Three is a magic number, yes it is, it's a magic number. Somewhere in the ancient, mystic trinity you get three as a magic number. The past and the present and the future. Faith and hope and charity, the heart and the brain and the body, give you three as a magic number. It takes three legs to make a tri-pod or to make a table stand. It takes three wheels to make a vehicle called a tricycle. Every triangle has three corners, every triangle has three sides, no more, no less, you don't have to guess. When it's three you can see it's a magic number. A man and a woman had a little baby (yes, they did). They had three in the family, and that's a magic number. 3-6-9, 12-15-18, 21-24-27, 30. 3-6-9, 12-15-18, 21-24-27, 30. – Three, the Magic Number; School House Rock
Do you remember School House Rock? I LOVED School House Rock. My favorites always had to do with Grammar or History. I was never ever a fan of the math songs. As long as I can remember mathematics has pushed me into a place of angst and panic. I remember the third grade. Miss Peterson’s class. (Random—Peterson went on to date and marry my 7th grade teacher Mr. Grandson. This was quite the scandal. The wedding was in the 8th grade, we were all invited.)
Attempting to learn multiplication tables was one of the most traumatizing experiences I have ever had. No, I’m not kidding nor am I exaggerating. The aforementioned Peterson, useless. My parents were not only useless but they were abusive to boot. I have such vivid memories sitting at the dining room table with the flash cards and them taking turns being either verbally or physically abusive when I, inevitably, got the answer wrong. We’ve all heard the verse from Corinthians right? The one about love?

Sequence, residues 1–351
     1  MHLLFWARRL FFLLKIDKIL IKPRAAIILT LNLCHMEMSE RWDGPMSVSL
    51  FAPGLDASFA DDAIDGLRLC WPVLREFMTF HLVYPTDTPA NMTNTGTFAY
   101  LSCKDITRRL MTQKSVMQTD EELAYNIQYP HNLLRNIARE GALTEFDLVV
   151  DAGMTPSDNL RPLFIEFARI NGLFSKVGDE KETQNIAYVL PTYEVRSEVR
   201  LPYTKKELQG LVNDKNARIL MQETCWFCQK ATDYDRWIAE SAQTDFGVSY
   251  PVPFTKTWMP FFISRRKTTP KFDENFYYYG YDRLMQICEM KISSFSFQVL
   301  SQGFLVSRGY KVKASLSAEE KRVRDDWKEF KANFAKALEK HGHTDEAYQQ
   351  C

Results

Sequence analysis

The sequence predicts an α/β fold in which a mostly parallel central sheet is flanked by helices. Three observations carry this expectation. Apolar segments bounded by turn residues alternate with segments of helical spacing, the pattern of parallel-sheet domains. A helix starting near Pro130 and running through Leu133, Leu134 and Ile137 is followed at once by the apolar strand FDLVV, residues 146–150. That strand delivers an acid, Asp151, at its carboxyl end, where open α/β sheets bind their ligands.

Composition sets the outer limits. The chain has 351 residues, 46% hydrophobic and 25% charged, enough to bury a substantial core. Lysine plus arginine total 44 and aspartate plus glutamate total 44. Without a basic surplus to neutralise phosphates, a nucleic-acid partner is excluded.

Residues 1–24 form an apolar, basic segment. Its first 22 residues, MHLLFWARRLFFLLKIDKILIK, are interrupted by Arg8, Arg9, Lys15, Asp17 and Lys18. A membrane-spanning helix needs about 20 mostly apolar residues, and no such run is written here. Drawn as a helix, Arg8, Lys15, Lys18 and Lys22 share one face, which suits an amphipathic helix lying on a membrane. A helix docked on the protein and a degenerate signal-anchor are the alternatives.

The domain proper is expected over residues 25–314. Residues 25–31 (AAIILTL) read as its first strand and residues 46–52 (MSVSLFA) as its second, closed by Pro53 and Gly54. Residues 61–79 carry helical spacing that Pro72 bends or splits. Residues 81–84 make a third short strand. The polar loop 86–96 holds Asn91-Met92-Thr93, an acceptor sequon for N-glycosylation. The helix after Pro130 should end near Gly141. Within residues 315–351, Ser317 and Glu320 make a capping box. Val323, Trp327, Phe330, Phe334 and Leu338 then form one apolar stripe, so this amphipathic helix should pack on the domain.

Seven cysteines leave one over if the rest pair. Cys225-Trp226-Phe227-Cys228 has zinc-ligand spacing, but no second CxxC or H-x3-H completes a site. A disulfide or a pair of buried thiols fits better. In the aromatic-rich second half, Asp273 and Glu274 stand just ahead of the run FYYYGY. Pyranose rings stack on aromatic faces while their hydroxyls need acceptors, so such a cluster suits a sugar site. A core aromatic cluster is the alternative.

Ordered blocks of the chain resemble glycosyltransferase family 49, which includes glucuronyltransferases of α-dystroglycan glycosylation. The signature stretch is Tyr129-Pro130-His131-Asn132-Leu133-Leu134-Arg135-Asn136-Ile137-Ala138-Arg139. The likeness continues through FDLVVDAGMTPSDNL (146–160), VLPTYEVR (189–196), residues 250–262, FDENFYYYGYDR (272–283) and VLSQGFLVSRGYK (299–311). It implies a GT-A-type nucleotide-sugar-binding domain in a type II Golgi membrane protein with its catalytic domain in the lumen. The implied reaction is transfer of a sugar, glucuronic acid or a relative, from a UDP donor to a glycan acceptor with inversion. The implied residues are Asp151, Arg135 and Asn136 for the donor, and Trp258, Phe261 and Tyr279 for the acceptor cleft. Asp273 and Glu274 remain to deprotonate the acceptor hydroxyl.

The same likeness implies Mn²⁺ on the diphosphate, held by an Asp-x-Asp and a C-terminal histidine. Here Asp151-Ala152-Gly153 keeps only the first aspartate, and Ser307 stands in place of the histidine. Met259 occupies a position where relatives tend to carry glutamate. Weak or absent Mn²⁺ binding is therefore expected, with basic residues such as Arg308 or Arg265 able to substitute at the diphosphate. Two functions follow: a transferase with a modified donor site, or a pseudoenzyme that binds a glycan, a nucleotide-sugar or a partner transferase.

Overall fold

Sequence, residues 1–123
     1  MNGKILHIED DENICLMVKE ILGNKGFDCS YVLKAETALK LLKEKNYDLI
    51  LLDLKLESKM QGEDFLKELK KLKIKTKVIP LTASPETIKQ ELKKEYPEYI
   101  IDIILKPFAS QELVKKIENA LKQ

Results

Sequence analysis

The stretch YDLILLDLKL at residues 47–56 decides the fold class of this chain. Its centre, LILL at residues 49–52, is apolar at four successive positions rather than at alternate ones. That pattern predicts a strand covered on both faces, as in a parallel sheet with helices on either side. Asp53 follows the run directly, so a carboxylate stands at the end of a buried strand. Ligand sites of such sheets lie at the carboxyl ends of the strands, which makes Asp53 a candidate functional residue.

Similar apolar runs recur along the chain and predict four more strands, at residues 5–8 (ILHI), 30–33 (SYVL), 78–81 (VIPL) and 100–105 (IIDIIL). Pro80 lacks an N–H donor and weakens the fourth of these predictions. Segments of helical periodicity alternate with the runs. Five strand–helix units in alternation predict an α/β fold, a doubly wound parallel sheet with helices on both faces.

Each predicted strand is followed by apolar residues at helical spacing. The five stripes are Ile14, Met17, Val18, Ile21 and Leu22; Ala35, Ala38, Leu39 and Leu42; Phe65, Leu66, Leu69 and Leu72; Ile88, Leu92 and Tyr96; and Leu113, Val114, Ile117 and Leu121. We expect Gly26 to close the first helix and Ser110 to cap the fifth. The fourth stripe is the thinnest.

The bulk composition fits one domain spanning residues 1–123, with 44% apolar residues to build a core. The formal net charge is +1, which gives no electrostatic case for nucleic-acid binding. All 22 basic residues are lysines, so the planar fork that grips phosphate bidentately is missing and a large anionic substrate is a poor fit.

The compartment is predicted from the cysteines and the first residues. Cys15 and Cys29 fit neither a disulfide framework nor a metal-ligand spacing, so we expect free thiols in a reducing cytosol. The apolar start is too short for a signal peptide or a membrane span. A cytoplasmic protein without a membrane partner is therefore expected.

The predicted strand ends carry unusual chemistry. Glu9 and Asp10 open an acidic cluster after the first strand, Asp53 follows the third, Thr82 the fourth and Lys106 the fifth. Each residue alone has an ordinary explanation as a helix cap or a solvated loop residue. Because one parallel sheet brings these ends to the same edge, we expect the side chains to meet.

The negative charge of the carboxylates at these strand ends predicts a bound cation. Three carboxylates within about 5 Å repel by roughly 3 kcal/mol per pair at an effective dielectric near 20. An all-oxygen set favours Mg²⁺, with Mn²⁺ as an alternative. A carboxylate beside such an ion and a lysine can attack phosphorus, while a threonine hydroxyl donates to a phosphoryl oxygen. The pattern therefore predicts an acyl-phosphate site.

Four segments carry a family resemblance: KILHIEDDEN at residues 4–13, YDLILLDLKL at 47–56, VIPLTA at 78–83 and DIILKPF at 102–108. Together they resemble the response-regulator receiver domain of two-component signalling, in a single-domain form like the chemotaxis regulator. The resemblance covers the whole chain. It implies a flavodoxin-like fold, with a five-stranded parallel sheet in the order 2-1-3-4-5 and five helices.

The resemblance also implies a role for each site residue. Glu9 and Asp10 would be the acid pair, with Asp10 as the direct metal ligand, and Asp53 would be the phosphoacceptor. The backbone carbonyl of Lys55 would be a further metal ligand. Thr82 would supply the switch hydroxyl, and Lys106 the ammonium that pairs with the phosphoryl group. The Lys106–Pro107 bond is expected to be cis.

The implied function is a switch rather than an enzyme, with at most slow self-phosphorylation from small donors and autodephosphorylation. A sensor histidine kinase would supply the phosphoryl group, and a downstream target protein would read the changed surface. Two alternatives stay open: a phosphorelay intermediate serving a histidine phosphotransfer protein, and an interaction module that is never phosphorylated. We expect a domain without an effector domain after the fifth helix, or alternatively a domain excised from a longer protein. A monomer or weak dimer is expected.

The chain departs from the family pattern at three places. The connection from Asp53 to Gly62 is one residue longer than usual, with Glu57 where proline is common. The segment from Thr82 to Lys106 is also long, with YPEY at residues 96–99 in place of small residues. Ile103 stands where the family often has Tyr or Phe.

Love is patient, love is kind and is not jealous; love does not brag and is not arrogant, does not act unbecomingly; it does not seek its own, is not provoked, does not take into account a wrong suffered, does not rejoice in unrighteousness, but rejoices with the truth; bears all things, believes all things, hopes all things, endures all things. Love never fails...But now faith, hope, love, abide these three; but the greatest of these is love.-1 Corinthians 13:4-7, 13